Wednesday, 31 January 2018

Poetry and Drama at Stephane Rolland's Haute Couture Show

  A pearly, winged creation at Stephane Rolland's haute couture SS18 show in Paris. Photograph and cover picture by Elli Ioannou

The dramatic and poetic haute couture show of Stéphane Rolland was held in the gilded Favart room of the Opéra Comique in Paris. The fluid and sculptural creations of the designer's Spring 2018 collection were embellished with gleaming discs as well as jewellery created in a new collaboration with Albert Boghossian, writes Jeanne-Marie Cilento. Additional reporting and photographs by Elli Ioannou

Violoncellist Francois Salque plays during the
 StephaneRolland couture show in Paris.
FRENCH couturier's Stéphane Rolland new show opened in velvety darkness with the liltingly melancholic sounds of violoncellist François Salque lit by a single circle of light on the stage at Paris’ Théâtre National de l’Opéra Comique. Singers from Les Cœurs Parisiens later appeared and heightened the sense of atmosphere. The music accompanied a poetic and subtly dramatic show of flowing, ethereal gowns in pale silky tones of pearly cream and white with dashes of gleaming, silver and crystalline sparkle. The fluid creations were silhouetted with abstract, sculptural forms, some in the shape of flowers or wings. The designer has said his favourite sculpture is the Victory of Samothrace, also called the Nike of Samothrace, a marble Hellenistic sculpture of Nike created in the 2nd century BC. Wings are a potent emblem in his work and his interest was first piqued when he saw the sculpture as a child at the Louvre and was enthralled by the surging sense of movement and the exquisite drapery.

Stéphane Rolland's new show opened in velvety darkness with the liltingly melancholic music of violoncellist François Salque

A fluid and silky dress with a flowing cape
 takes centre stage.
Today, the couturier also sculpts and sees it as an extension of his work as a fashion designer. Past collections by Mr Rolland have been inspired by architecture, sculpture or art, from Velasquez to Anish Kapoor. But this time the leitmotif was the meeting of different artists. Stephane Rolland says these artistic encounters expand and inform his work. He loved the emotion created by musician François Salque's recitals and wanted to include that in his new collection. The designer also formed a new creative partnership with jeweller Albert Boghossian after deciding he wanted to create something new and entirely different for this collection. Gowns were embellished with the intricate jewellery pieces. The collection's standouts are billowing capes and long, pleated skirts and creamy, floating satin gowns decorated with glinting, silver disks, like wearing a piece of mid-century modern design.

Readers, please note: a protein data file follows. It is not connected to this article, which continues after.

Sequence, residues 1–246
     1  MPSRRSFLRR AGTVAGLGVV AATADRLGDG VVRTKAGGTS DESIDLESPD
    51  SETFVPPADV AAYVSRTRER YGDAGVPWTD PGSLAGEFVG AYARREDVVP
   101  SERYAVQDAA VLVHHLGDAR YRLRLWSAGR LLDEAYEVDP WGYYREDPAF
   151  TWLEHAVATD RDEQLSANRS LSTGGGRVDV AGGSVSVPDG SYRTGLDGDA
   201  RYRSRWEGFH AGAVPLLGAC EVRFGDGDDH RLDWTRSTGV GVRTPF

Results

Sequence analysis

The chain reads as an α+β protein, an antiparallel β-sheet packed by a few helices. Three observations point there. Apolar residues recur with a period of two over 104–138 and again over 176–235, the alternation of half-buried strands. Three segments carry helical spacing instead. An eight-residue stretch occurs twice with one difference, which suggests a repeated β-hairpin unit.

Silvery discs catch the light on
a flowing gown.
Softly falling, voluminous satin crepe was the other central theme of the show in tones of white, sand and amber. In contrast  to the fluid gowns, were tailored trousers, coats and shorts. Although architecture is often one of Mr. Rolland's starting points for designing a collection, this time he wanted to "let go" and create pieces that were more gentle in form and shape. The theme of the show was "art and nonchalance" and although there were pieces designed like sculpture he combined this ethos with more relaxed creations such as slimline, lamé pants, white leather shorts and tops paired with flannel, wide trousers and jumpsuits in white crepe. Simplicity and comfort were emphasised with long, voluminous coats in platinum lamé or black wool that had an androgynous look. The couturier has said he grew up surrounded by black-and-white photographs as his mother worked at well-known Parisian photographic studio, Pictorial Service. The sense of volume, contrast and movement Stephane Rolland noted in the photographs as a child were to become integral to his work later as a fashion designer and can be seen in this new collection today.